Waid had a compensable injury and had been released to return to his regular work by the company doctor. He did so but complained that he was in pain and needed restrictions. He got into an argument with his supervisor and threw his ice pack. His actions resulted in his employment being terminated. The company doctor imposed work restrictions when he next evaluated Waid. Masterbrand took the position that it did not owe TTD because Waid was unavailable for restricted work for reasons unrelated to the compensable injury since Waid was no longer an employee.
The Court of Appeals held that IC 22-3-3-7 (c) (5) does not require that the work be for the same employer as when the employee was injured. So, even though Waid had been let go by Masterbrand, “the relevant inquiry is whether his inability to work, even for other employers, was related to his injury.” Since the Board had found that Waid was unable to perform work of the same kind or character as that which he had performed for Masterbrand and thus met the definition of TTD, the Court of Appeals concluded that TTD was payable despite Waid’s termination for misconduct.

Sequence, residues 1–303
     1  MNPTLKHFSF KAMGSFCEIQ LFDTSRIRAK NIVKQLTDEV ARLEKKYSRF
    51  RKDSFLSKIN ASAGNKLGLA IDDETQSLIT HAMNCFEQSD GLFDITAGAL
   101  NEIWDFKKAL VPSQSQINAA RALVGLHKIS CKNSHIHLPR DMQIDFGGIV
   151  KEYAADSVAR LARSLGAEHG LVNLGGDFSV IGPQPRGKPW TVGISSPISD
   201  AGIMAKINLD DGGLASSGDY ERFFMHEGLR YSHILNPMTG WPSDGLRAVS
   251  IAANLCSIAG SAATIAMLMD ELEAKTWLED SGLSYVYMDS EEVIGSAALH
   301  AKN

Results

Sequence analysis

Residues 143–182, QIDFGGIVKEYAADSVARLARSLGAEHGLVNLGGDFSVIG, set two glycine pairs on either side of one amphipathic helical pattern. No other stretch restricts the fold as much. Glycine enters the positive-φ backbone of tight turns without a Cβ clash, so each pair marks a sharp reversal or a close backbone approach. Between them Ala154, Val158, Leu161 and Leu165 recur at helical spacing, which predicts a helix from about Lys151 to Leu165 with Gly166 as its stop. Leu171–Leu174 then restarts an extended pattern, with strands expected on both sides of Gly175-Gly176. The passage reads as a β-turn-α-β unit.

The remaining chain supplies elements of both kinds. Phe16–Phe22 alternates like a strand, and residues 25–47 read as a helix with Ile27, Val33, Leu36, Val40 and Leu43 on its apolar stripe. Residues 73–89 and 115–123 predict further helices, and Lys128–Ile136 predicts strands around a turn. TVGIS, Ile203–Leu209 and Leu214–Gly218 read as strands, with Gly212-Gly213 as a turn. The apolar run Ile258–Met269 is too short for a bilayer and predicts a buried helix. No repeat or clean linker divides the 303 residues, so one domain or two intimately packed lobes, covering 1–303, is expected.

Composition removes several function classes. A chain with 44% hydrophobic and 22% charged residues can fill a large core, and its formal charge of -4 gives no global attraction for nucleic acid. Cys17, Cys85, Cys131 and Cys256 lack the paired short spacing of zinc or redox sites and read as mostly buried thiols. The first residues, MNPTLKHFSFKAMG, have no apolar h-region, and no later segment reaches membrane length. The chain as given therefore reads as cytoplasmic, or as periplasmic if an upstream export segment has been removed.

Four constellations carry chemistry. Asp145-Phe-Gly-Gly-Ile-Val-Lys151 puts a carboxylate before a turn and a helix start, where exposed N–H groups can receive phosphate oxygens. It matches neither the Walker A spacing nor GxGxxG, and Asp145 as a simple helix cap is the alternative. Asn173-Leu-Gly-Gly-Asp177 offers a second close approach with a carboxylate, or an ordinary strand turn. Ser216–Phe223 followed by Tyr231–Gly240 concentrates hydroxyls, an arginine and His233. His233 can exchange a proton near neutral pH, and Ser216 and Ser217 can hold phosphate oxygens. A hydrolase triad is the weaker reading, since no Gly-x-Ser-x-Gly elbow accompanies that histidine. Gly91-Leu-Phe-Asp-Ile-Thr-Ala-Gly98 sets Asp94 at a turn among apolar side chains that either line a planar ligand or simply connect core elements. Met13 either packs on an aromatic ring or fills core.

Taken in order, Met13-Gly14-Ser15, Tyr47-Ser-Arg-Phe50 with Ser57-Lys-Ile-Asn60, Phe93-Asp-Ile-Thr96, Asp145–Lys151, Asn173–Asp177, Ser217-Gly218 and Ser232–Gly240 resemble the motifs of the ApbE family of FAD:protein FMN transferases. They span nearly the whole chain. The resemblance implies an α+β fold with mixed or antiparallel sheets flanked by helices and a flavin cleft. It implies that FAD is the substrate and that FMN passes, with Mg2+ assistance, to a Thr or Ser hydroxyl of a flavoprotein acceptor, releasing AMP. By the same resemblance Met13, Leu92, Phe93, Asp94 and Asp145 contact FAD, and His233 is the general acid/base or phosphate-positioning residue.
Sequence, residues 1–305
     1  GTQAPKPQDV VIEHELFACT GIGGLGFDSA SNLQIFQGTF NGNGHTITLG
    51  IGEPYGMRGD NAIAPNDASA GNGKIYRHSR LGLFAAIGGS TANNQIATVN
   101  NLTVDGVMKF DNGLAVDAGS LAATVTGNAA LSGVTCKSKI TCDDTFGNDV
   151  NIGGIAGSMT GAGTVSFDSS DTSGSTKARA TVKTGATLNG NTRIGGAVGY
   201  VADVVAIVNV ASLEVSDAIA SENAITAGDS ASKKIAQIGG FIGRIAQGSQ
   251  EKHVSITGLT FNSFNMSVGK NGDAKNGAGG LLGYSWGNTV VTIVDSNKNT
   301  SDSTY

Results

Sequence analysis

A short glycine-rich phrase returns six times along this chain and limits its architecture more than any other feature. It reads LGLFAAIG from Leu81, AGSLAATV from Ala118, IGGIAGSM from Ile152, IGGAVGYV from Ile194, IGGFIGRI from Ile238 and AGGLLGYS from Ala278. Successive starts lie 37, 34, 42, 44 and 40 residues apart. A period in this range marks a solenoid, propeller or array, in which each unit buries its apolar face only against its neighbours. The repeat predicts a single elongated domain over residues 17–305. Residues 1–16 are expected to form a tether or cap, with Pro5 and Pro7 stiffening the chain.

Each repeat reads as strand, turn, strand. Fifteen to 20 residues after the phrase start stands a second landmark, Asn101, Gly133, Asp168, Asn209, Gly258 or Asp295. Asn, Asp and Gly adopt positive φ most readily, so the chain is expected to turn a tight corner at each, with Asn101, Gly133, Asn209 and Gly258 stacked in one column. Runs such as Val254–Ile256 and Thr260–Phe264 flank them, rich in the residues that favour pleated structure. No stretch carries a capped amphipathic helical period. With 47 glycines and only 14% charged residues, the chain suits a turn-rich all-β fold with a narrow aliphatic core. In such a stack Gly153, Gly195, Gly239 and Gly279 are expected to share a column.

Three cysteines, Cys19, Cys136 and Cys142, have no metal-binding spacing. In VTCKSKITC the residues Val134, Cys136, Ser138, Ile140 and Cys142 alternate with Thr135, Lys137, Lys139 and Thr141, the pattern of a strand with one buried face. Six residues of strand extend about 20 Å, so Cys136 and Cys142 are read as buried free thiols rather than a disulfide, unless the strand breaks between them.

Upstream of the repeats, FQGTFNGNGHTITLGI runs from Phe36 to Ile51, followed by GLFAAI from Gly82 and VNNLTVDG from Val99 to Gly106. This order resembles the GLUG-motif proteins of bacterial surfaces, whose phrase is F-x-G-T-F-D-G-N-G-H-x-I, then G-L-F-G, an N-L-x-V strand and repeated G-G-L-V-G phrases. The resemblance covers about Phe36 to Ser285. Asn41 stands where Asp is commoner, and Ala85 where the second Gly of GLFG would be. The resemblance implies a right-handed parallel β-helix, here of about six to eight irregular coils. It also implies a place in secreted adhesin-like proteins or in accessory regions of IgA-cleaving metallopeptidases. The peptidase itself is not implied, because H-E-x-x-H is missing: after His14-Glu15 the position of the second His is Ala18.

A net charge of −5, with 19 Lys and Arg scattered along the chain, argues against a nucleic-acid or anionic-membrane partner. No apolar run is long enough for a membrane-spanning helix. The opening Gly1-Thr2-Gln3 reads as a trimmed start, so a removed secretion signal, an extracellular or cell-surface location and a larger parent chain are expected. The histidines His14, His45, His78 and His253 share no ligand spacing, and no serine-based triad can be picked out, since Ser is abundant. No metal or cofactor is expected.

Employers need to anticipate the possibility for disagreements related to post-injury returns to work and be prepared to diffuse such disagreements before the situation escalates. When faced with an employee’s claim that the return to work, whether regular or light duty, is difficult or impossible due to the work injury, the most reasonable course to take is to remove the employee from the work and return the employee to the company doctor for a re-evaluation of the employee’s ability to work. The exposure to some TTD compensation is preferable to an altercation at work and a termination of employment which results in the loss of the employer’s right to tender appropriate work in lieu of TTD.
Indiana Worker’s Compensation law requires that the employer to ask the attending physician for an opinion as to whether a work-related injury has resulted in a permanent loss of physical function. The attending physician will sometimes respond by indicating that there is a 0% permanent partial impairment (PPI). That response is the equivalent of an opinion that there has been no permanent loss of function.
The employee has the right to an alternative opinion as to the permanent loss issue from a doctor of his own choosing at his own expense. If the employee’s doctor finds a permanent loss of function and assigns a PPI rating for that loss, then a dispute as to the existence and extent of the permanent injury exists. The usual practice is to agree to a split of the ratings in a resolution of the impairment dispute.